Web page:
Library of Congress: The Signal: Using Three-Dimensional Modeling to Preserve Cultural Heritage

planet code4lib - Mon, 2017-01-23 18:54

This is a guest post by Elizabeth England.

The Temple of Bel 3D model from #NEWPALMYRA, Model released under CC0 Public Domain.

In recent years, a few news stories focused on the use of digital tools in preserving cultural heritage three-dimensional objects, stories such as the printed reconstruction of the Arch of Triumph in Palmyra, Syria and the construction of a facsimile of King Tutankhamun’s Egyptian tomb. These two examples recreate something physical but, increasingly, ancient artifacts and monuments are becoming accessible as physical replicas and digital objects.

Both physical and digital reconstructions offer the opportunity to experience objects and sites that might not otherwise be possible due to their far-away location, their fragility or because they’ve been destroyed. 3D modeling can preserve a replica of a site or object in its current state or restore it to an earlier state.

Creating 3D digital reconstructions is no easy task and there is more than one method. For example, the heritage-site preservation organization, CyArk, uses laser scanning. This post is about an example of the Library of Congress’s method of point-cloud generation.

Recently, the Library of Congress’s 2016-17 National Digital Stewardship Residents and their mentors met with Library of Congress staff member John W. Hessler, whose research focuses on the use of computation, computer vision (teaching the computer to “see” and process visual data) and virtual reality in archaeology. Hessler is the Curator of the Jay I. Kislak Collection of the Archaeology and History of the Early Americas at the Library of Congress; he also teaches courses at Johns Hopkins University’s Graduate School of Advanced Studies on the topic of mathematical and algorithmic foundations of computer vision and archaeological imaging.

“Monmouth castle point cloud, created with Photosynth” by John Cummings. CC BY-SA 3.0 via Wikimedia Commons

We started our session with an overview of a 3D modeling process that uses computer vision to create models from 2D photographs. Measuring an object from photographs is known as photogrammetry. Reconstructing a destroyed site is often made possible through crowdsourcing photographs of the site, such as through the #NEWPALMYRA project.

The workflow begins with taking multiple images of the object or site from various angles. The photographs should cover all parts of the object, which will help the computer calculate the distance between points on the object (essentially what our eyes do with depth perception). Precision and quantity are key.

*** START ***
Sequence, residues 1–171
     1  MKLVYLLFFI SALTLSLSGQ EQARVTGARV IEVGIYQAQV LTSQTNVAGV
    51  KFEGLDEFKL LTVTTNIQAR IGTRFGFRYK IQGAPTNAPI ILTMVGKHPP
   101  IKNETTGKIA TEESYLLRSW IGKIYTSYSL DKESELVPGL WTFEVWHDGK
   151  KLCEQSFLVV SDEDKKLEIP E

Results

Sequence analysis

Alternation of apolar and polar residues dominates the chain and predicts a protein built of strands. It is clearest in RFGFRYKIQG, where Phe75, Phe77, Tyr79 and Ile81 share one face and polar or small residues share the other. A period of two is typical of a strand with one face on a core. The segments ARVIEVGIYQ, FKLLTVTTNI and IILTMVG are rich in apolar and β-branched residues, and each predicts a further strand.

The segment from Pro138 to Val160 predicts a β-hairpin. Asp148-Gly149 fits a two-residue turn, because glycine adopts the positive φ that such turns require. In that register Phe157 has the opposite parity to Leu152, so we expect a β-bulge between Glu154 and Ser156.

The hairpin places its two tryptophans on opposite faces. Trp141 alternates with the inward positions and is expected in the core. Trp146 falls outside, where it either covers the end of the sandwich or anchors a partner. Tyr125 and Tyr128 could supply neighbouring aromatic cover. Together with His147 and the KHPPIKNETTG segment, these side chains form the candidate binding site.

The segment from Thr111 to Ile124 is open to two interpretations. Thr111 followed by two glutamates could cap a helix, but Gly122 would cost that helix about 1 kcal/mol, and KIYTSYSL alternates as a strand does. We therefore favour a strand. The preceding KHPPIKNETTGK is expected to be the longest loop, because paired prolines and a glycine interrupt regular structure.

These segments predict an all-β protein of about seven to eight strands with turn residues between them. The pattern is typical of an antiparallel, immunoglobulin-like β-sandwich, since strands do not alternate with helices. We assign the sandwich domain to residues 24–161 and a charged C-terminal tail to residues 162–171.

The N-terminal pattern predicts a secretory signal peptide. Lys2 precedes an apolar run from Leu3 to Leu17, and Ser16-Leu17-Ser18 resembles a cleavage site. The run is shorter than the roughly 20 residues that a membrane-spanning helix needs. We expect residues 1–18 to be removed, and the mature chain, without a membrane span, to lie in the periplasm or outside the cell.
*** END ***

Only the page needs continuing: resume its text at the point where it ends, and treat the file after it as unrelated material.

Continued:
The next step is “feature extraction and matching,” a process that locates common points across images using Scale-Invariant Feature Transform (known as the SIFT algorithm, by David Lowe). From this data, a point cloud is derived. Simply put, a point cloud is a collection of points within three dimensions, each point having X, Y and Z coordinates.

The images are then related to one another using their features and points and molded into a rough 3D model. Self-calibration calculations and density matching follow, to error correct and further shape the three-dimensional depth. Lastly, the final 3D model is built and texture is added to the model.

Access is a key component of digital preservation and the Kislak Collection’s 3D-modeled objects are accessible through Sketchfab, a platform for publishing and sharing 3D content. Sketchfab supports over 30 3D file formats, but some formats are more desirable than others because they’re more widely supported and compatible across platforms, formats such as .PLY (polygon file) or .OBJ (object file). File-format support and longevity are major considerations for digital preservation.

Close-up of a 3D model from the Kislak Collection, Small Vase with High-Relief “Diving God,” Postclassic Maya, 1200-1400 CE. Model is free on Sketchfab

I asked Hessler about preferred file formats for 3D models, or more generally, if best practices exist for the long-term preservation of 3D models. He said that, because the field is still so new, standards are yet to be determined. Hessler foresees the field being in a constant state of flux for many years due to ongoing changes and advancements brought about by technologies such as drones, robotics and computer vision research.

While standards and best practices are needed, Hessler also sees larger considerations. “At some point, we have to start thinking deeply about the purpose of all of this 3D modeling,” Hessler said. “It is one thing to say that it is useful in bringing to life cultural heritage for those who cannot travel to sites or museums. The question of preservation becomes tricky however. We do not want to start thinking that these digital copies, which are easier and easier to make, are actual substitutes for the objects and sites they are meant to record. I can imagine situations where scarce preservation resources are withheld with the idea that ‘we have a copy and why preserve the original?’ The real things are what are most important and their preservation should be our goal.”

Additional concerns have been raised about the loss of cultural context and authority, or as Patty Gerstenblith wrote in Technology and Cultural Heritage Preservation, “This also leads to questions about who has the right to re-create and determine the authenticity of the past.”

For all the affordances of 3D modeling to preserve cultural heritage, there is still much to be addressed in this growing field, from best practices to guiding principles. Establishing standards will be necessary as institutions increasingly become responsible for the long-term preservation of 3D models, which are becoming integral parts of the cultural record.

Mark E. Phillips: UNT Libraries’ Digital Collections 2016 in Review: Items

planet code4lib - Mon, 2017-01-23 17:29